CRAFFT is a 2009 MassHealth insurance provider-approved behavioral health screening tool for use with children under the age of 21 from 2009. It was recommended by the American Academy of Pediatrics’ Committee on Substance Abuse for use with adolescents.

questionstoaskchildblog.young adults in wilderness tent

Start the conversation. Now. Credit: Shutterstock.

There are more questions to ask when confronting your child about drug abuse. Learn different approaches and decide what is right for you.

Immature Brains

Arrested development is behind a lot of teen substance abuse. This will help you understand why the problem is not specific to your teen. And P.S., Hazelden Programs can help you with a phone assessment of your family’s drug problem.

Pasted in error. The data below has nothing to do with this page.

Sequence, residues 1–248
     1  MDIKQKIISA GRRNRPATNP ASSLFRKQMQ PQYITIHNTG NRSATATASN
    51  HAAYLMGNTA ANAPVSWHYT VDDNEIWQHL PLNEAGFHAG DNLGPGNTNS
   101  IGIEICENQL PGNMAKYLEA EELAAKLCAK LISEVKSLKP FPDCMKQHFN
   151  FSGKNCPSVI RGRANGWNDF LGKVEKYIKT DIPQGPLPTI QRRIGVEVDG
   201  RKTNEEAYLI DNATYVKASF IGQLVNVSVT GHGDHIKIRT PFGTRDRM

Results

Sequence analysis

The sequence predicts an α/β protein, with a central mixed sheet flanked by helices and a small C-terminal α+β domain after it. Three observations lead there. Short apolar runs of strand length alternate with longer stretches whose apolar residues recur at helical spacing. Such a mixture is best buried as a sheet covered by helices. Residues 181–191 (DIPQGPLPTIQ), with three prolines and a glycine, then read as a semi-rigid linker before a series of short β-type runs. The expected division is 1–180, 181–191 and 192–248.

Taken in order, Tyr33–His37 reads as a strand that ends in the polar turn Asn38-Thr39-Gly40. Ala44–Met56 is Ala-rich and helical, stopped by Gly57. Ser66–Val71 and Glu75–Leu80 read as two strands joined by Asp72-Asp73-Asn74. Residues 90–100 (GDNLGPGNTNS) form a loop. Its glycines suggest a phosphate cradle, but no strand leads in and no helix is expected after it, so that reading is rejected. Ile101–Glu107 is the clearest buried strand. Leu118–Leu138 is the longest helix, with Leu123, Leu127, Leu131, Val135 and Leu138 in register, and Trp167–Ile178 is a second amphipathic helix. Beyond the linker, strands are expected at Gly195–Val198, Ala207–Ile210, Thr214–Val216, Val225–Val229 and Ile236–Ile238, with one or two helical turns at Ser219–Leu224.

click on this link to get access to more great materials. Click Here.


Assess the Problem – 20 Signs of Substance Abuse

i Jul 14th No Comments by

No one problem drug or alcohol crisis is the same. Some teens and young adults are serious abusers, some are habitual abusers, some are addicts, and some have made stupid choices to try or abuse substances, which could be “one-off events.” First, we need to recover from the crisis of learning that something is going on. Then we need to get educated quickly. You can start with a parent assessment tool – gather a snapshot of evidence before you confront your child. And don’t be focused on judging or labeling anyone just yet it is counter-productive.

This is a list that we have compiled from numerous sources.

20 Signs of Substance Abuse

    1. Sudden mood change or restlessness
    2. Extra talkative or irritable
    3. Poor coordination